The power of this novel exists beyond the boundaries of the printed page, and might not be completely evident with a first encounter. Nevertheless, _Sleeping in Flame_ is a novel that works on several different levels. On the one hand, it is an entirely satisfying fantasy novel, complete with memorable characters and a quickly evolving plot. On the other, it offers an interpretation of reading, writing, survival, death and love that I find particularly poignant. One of the most delightful parts of this novel, though, is the way in which these interpretations are presented to the reader. Carroll is a most subtle writer when it comes to philosophy. Readers may want to think deeply about some of the thematic issues that arise from this novel. Or they can just toss them aside and enjoy it as a well-crafted fantasy story. We, as readers, have the power to decide how much we want to put into this novel. Carroll just sits back, with the knowing smirk he displays on the back cover, and waits for us to make our own decisions.
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on December 30, 1999
When i first read this book almost 10 years ago, i bored all my friends telling them it was the best piece of fiction published in decades. I just finished it last night for the 2nd time and although some of its shortcomings are more evident to me now, it still blows me away - it brings together archetypal themes and myths and meshes them into this compelling modern life setting. Shortcomings: weak character development, namely the primary relationship b/w Maris and Walker is slightly unbelievable - ok, so she's a supermodel, but what else? why does Walker fall for her? also, the dialogue is not that smooth at times. But it still doesn't matter, b/c jon carroll does such a great job at sucking you into this hip euro coolworld and then knocks you over w/, well, the magic. i've read all of his books (no easy job, given the scarcity of his novels - and why is that? ) and this is my favorite. also, i'm not in the movie biz, but it's Hard not to imagine great scenes / camera angles / actors while reading this book. Jon Carroll - if you're reading this, contact me if you're in NYC!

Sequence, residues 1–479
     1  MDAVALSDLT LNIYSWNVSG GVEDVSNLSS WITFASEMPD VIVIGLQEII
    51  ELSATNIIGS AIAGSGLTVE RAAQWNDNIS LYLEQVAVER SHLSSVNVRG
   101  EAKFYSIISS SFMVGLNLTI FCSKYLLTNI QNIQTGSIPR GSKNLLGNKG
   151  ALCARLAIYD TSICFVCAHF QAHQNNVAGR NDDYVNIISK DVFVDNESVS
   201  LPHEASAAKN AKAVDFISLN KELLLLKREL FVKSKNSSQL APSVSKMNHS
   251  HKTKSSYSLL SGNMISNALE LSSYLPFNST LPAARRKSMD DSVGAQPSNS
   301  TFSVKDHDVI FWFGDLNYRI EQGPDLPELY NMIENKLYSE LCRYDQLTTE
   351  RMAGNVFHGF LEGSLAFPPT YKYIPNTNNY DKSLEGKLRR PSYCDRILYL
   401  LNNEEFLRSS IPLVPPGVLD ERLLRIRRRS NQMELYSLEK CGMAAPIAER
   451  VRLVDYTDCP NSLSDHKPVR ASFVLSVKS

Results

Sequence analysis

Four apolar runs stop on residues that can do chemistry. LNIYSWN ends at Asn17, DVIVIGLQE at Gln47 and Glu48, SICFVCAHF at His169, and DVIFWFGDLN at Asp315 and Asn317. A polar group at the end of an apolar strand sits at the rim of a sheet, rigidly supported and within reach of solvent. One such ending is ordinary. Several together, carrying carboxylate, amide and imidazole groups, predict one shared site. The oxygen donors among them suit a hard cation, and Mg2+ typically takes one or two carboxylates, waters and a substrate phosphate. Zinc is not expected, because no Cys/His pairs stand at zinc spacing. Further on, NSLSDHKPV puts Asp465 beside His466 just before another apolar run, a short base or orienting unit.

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1 of 1 people found the following review helpful
on October 9, 2002
In Carroll's masterpiece, Sleeping in Flame, what begins as a brooding,witty and bittersweet novel--think Paul Auster or Haruki Murakami--about a film actor and his desire for the beautiful and androgynous Maris York, has,by its end, traversed a world of shamans and sea monsters in an astonishing
reworking of the Grimm tale "Rumpelstiltskin."
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on January 31, 2001
I've only read two books by Jonathan Carroll so far, this one and The Voice of Our Shadow. This is my favorite of the two, mainly because Voice of Our Shadow is closer to being a true horror novel. And I don't usually read horror. But Sleeping in Flame is one of the finest fantasies I've ever read-- Extremely fine. Consider this: The hero of Sleeping in Flame has professional ties to the movie industry. As the story begins, he's walking down a city street when he looks back. A strange little man is trying to run him down on a bicycle! The story becomes one of self discovery for the hero as he tries to unravel the mystery of the strange little guy. Typical? Nope. This Carroll guy has one truly strange story in mind, and the vision to inject it with some of the most wonder-filled moments ever. Good luck guessing the end to this twisty maze!
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on November 21, 1996
This book was one of the best Christmas presents I've ever
received. My friend Howie has a knack for introducing me to
books I should read, bands I should listen to, movies I should
see; he's got great taste. Well, I wasn't sure when he gave
me Carroll's book. It's definitely outside of the realm of
what I normally read, it's not science fiction! What was he
thinking!?!?! Well, trusting Howie's taste, I gave it a try.
4 am that morning I put it down (reluctantly). As usual my
horizons have been broadened thanks to my friend, now I just have
to convince my wallet to forgive him for forcing me to buy
another author's bibliography. Oh about the Vienna comment...
I must criticize Carroll for one thing, every character of his
absolutely reveres Vienna! So, he must be collecting royalties
from the Vienna Board of Tourism.
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on December 5, 2000
This is a phenomenal book. Carroll creates characters you care about and can relate to. You get to know them well before Carroll twists the world sideways and suddenly the characters and you are trapped in a fairy-tale nightmare where Rumpelstilskin and Little Red Riding Hood are both monstrous threats to love and life. Magical and haunting, the ending frightens in a subtle way, leaving you thinking about it for a while, then the meaning dawns on you and fear forms like ice up your spine. Jonathan Carroll is one of the great unappreciated American authors living today.